The BrokeAss Gourmet teaches life skills with a side of peanut sauce
CHEAPER EATS "By the way, I have the best peanut sauce recipe ever. I would say it's one of the top three things about me, my peanut sauce recipe." Author-blogger-chef Gabi Moskowitz mentions over brunch at the Dolores Park Cafe in her Mission neighborhood.
"I develop crushes on peanut sauces and tinker until I get them just right. And — sidebar — peanut sauce, if you make a batch of it and keep it in your fridge, you're like, 50 percent on your way to dinner."
Moskowitz is full of helpful asides like this. She initially was discussing her Vietnamese spring rolls recipe, a popular dish she wrote about on her blog — BrokeAss Gourmet — and subsequently included in her first cookbook, The BrokeAss Gourmet Cookbook (Egg & Dart, 224pp, $16.95), released this spring. The book's subtitle? "Recipes To Keep Your Taste Buds Happy and Your Wallet Thick."
But the peanut sauce digression is probably the best representation of Moskowitz's personality. The former kindergarten teacher is friendly and funny, obsessed with good food, and the consummate teacher, always looking for a way to make things better and cheaper. She just wants you to love her peanut sauce and much as she does.
And that's why the formula for BrokeAss Gourmet dot com, and The Brokeass Gourmet Cookbook, works so well. It's simple but creative dishes, made with inexpensive components (each ingredient is listed with a price), and explained in a relatable way. Moskowitz always dishes on how she came to these recipes, be it after a rude ex-boyfriend criticized another meal, or a when a close friend fell ill and needed something warm and appetizing in her belly.
The book includes pantry staples and recipes for meals such as lamb-feta burgers, sundried tomato ricotta gnocchi, and garlic-lemon-rosemary chicken ("Third Date Chicken"), which she deems the sluttier version of the legendary "Engagement Chicken."
The blog, which began in 2009, saw near-instant success, after MSN Money covered it just two weeks after the launch. The morning of the article, Moskowitz says she awoke to see 30,000 hits over 24 hours. Just before the launch, she became aware of the other brokeass, Broke-Ass Stuart — who wrote a popular lifestyle book and runs his own site — and contacted him to let him know. He was fine with the name, as he didn't plan to cook or include recipes on his own site, and Moskowitz says it was the start of a great friendship. The two support each other on their respective sites.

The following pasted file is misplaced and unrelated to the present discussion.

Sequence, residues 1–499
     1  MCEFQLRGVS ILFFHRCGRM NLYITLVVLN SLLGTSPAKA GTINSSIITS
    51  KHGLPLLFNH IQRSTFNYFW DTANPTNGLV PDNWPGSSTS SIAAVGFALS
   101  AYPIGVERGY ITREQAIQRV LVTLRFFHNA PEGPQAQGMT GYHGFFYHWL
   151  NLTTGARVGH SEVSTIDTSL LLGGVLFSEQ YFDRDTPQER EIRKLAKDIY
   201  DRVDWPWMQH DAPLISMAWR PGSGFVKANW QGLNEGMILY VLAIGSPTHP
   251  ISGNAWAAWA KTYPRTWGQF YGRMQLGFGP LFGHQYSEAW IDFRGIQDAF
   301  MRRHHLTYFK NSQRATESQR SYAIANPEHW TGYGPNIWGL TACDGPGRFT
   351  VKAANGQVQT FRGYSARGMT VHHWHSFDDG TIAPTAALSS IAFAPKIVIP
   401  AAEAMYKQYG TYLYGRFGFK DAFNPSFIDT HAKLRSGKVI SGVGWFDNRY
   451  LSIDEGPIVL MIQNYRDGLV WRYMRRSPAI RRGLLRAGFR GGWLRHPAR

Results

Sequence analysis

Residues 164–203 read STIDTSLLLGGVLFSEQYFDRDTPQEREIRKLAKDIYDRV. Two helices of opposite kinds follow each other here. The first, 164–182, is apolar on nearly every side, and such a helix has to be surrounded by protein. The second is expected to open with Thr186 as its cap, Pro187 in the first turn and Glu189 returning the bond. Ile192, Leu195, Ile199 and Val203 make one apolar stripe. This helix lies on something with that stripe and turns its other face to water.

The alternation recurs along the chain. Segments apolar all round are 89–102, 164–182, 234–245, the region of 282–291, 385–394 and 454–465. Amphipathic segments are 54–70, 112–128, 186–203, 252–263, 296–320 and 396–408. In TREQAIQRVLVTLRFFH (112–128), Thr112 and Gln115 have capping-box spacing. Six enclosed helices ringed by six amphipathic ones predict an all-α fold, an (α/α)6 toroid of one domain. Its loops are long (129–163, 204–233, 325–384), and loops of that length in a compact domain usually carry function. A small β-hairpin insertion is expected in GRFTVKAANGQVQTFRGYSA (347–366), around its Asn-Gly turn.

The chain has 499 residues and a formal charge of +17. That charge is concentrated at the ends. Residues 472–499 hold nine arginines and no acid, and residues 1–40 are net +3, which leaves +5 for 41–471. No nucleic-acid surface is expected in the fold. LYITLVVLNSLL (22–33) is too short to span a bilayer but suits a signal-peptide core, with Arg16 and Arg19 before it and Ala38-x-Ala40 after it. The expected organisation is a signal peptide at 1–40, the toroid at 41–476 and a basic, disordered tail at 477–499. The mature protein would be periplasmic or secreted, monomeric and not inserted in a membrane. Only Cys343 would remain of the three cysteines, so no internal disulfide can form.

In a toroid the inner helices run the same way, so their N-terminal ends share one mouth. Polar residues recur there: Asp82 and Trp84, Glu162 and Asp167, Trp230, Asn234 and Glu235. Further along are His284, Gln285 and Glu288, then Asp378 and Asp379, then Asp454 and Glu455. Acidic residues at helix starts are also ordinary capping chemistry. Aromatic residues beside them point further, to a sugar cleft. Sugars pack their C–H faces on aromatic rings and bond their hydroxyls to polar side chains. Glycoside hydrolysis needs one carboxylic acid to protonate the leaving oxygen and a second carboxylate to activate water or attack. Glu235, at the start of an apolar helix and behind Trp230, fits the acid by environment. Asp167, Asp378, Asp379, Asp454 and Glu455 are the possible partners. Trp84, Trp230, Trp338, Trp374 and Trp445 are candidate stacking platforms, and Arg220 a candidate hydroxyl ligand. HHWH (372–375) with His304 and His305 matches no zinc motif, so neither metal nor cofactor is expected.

On the BrokeAss Gourmet site, the chedder-thyme knishes and brown butter pumpkin mac and cheese are the long-running top posts. When Moskowitz was featured in an iPad food app called Appetites, the New York Times wrote it up and included a mention of that creamy fall mac and cheese recipe.
When it came to choosing which posts to include in the cookbook, Moskowitz said she wanted it to be a "really excellent first cookbook for someone" and to show that it's possible to eat well on a budget.
"I grew up in Sonoma County; I live in the Mission in San Francisco, where food is king. It's not enough for me to just eat, I think it's really important to eat well, and to eat fresh food. Even when I was making no money at all, I wasn't willing to compromise my lifestyle in that way, I wanted to make it work."
Now that the initial buzz of the cookbook has slowed down a bit, Moskowitz is still wildly busy, keeping up with the blog posts, working on some top-secret TV projects, and finishing the manuscript for her second book: The Brokeass Gourmet Pizza Dough Cookbook. That one is about the different meals you can make with pizza dough, besides the obvious (naan, cinnamon rolls, calzones, donuts, Italian stromboli appetizers).
As with much of her food writing, the concept came from a personal experience. She was invited to a potluck dinner party a few years back and the host asked her to bring a main course. "I had this huge batch of pizza dough and 15 minutes before I was supposed to leave, the host called to say the party was canceled. I was like, 'ah man, I have all this stuff!' and I'd basically spent my grocery budget on it, but I found that I could do a million and a half things with pizza dough."
While she did make a great many dishes with that leftover dough, her weekly go-to meal staple is a bit different. She has a $15.94 Duc Loi Supermarket trip nailed (of course, did a post about it). And her personal comfort dish is built with it: soba or rice noodles with that crush-worthy peanut sauce, shredded vegetables, and shallow-fried cube sprouted tofu. Sometimes garnished with crushed peanuts or sprouts and chili paste.
"I'll make a big batch of it and seal it in the fridge if I'm having a busy week, and then that's just what I'll eat at the end of the day." Even as the conversation comes to an end, and the Dolores Park Cafe dishes are pushed aside, Moskowitz is still giving tips on low-cost eats.